Biden says 'more people may die' if Trump continues to delay the transitionBy Mark Pygas
Nov. 17 2020, Updated 8:53 a.m. ET
President Donald Trump is doing all he can to dispute the results of the election. The Trump administration has claimed, without evidence, that widespread voter fraud took place. Trump claimed that “major fraud in our nation” was taking place and promised to challenge the election in the Supreme Court.
On Thursday, the Department of Homeland Security came out in defense of the election results.
“The November 3rd election was the most secure in American history,” two committees in charge of overseeing the election said. “There is no evidence that any voting system deleted or lost votes, changed votes, or was in any way compromised.”
By disputing the election's validity, President Donald Trump has delayed the peaceful transition of power amid the biggest international crisis in decades. The transition team of President-Elect Joe Biden has been unable to get the security clearance needed to talk with government officials.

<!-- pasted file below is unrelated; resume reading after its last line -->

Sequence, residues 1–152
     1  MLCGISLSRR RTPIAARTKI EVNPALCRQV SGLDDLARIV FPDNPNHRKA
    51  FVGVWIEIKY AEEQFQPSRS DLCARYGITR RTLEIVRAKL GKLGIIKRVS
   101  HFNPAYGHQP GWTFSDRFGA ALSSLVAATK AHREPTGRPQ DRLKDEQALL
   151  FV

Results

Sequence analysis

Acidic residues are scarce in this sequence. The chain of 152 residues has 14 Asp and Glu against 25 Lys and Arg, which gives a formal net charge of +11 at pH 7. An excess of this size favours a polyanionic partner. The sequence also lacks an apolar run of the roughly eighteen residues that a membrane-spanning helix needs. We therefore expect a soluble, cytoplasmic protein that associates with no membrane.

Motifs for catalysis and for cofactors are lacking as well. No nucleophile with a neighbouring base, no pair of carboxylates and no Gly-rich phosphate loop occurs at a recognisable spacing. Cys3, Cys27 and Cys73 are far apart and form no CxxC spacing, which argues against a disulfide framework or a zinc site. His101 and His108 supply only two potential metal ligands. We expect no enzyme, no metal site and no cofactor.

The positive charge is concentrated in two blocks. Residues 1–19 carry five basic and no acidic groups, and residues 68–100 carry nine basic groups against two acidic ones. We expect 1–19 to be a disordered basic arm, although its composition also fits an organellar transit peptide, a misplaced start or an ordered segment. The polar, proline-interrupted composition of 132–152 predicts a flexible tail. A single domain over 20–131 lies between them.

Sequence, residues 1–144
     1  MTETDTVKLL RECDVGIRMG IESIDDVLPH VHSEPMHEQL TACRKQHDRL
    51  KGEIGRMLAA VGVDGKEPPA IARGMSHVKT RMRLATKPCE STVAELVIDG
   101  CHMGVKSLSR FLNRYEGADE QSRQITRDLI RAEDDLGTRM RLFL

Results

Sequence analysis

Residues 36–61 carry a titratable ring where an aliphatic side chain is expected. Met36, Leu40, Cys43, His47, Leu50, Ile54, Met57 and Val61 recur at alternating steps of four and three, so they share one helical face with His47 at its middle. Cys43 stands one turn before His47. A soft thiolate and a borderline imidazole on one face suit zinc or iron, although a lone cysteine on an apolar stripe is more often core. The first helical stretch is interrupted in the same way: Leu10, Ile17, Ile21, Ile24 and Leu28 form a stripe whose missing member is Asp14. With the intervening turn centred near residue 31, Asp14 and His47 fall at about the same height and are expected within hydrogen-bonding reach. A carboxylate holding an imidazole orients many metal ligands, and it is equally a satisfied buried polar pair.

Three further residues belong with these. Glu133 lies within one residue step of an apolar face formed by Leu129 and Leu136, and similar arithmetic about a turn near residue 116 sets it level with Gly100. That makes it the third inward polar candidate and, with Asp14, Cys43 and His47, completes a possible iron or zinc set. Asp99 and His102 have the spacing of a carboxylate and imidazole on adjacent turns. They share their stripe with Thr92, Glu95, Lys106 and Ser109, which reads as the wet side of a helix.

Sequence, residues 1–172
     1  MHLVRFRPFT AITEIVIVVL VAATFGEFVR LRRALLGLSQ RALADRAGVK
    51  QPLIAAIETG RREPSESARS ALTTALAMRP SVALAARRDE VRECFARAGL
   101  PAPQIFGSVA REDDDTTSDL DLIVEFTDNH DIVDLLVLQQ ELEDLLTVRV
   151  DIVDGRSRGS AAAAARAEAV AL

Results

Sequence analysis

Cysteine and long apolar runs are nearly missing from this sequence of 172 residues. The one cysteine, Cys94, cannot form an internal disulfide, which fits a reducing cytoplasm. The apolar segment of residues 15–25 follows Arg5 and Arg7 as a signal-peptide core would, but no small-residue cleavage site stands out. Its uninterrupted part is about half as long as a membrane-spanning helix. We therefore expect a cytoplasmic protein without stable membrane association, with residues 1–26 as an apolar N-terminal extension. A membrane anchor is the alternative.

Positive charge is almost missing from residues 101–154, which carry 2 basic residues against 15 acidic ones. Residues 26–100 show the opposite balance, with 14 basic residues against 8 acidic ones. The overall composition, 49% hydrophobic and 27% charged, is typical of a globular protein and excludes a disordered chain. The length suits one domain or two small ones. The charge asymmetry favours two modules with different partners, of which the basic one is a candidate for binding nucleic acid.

During a press conference in his home town of Wilmington in Delaware, Biden was asked: "You spoke about the need to access the outgoing COVID-19 administration plans. What do you see happening given the president's attempt to obstruct a smooth transition of power?"
"More people may die if we don't coordinate," Biden replied. "If we have to wait until January 20 to start that planning, it puts us behind for a month, a month-and-a-half. And so it's important that it be done, that there be coordination now."
"As you battle COVID, we have to make sure that businesses and workers have the tools, the resources, and the national guidance and health and safety standards to operate safely," he added.
Biden said vaccinating the population of the United States was a "huge" problem. He also said that he would need to work with the World Health Organization to sure that the world is vaccinated.
On Trump's refusal to concede, Biden said that he found "this more embarrassing for the country than debilitating for my ability to get started."
The president-elect went on to urge Congress to pass pandemic relief legislation and encouraged the development of further COVID-19 vaccines. "We're going into a very dark winter. Things are going to get much tougher before they get easier," he said.